An Indienne (literally "Indian"), also sometimes called Perse (literally "Persian"), was a type of printed or painted textile, which was manufactured in Europe between the 17th and the 19th century. They were initially imported from India, and received various names such as madras, pékin, gougourans, damas ou cirsacs. The original Indian techniques for textiles printing involved long and complicated processes, necessitating the use of mordants or metallic salts to fix the dyes. The beautiful, vibrant, colors, came from the garance plant (madder) for red, indigo for blue and gaude for yellow.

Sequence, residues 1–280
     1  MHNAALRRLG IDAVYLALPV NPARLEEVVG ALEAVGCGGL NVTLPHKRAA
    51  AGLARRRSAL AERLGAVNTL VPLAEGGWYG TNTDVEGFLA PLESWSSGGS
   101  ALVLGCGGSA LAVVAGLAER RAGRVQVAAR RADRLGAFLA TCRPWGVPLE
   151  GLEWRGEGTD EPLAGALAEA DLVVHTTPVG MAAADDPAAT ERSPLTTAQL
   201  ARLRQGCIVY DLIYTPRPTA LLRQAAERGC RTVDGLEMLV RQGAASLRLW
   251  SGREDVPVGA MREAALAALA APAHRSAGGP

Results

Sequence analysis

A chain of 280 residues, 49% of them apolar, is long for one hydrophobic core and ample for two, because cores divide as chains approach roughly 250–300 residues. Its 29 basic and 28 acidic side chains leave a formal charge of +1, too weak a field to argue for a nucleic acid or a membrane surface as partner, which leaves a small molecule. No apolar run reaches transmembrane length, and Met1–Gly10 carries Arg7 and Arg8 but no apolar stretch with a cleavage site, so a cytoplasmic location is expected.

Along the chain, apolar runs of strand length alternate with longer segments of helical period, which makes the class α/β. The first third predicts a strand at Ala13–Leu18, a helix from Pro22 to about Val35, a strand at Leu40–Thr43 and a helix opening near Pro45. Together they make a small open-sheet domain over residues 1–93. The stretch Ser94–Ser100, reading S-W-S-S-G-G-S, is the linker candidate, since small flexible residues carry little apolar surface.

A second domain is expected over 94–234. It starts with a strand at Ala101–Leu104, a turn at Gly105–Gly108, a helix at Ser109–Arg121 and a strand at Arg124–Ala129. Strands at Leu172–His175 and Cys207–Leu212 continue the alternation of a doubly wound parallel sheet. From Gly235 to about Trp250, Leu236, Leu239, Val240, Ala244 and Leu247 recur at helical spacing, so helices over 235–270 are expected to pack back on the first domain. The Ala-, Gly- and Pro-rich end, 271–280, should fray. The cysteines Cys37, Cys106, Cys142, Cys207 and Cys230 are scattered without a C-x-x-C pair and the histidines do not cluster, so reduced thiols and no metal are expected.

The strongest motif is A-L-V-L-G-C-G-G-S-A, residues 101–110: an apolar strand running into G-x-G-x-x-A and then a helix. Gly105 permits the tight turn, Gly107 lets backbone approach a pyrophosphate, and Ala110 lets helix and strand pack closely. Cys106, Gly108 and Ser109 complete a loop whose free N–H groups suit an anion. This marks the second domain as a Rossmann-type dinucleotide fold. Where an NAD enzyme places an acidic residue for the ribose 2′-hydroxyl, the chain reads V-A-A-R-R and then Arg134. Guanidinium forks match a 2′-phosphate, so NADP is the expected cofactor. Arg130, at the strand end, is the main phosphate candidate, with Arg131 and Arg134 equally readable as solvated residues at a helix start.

These light and vibrant textiles were extremely popular, and attempts at import substitution started to be made. In 1640, Armenian merchants introduced Indian textile printing techniques at the port of Marseilles. Later England around 1670, and Holland around 1678 would also adopt the technique.
Their importation and production was prohibited through a Royal Ordinance in 1686 in order to protect the local woolen and silk cloth industries. The Indiennes continued to be produced locally despite the heavy prohibition, and were finally legalized again in 1759. In France, the main center for the manufacture of Indienne was Marseille.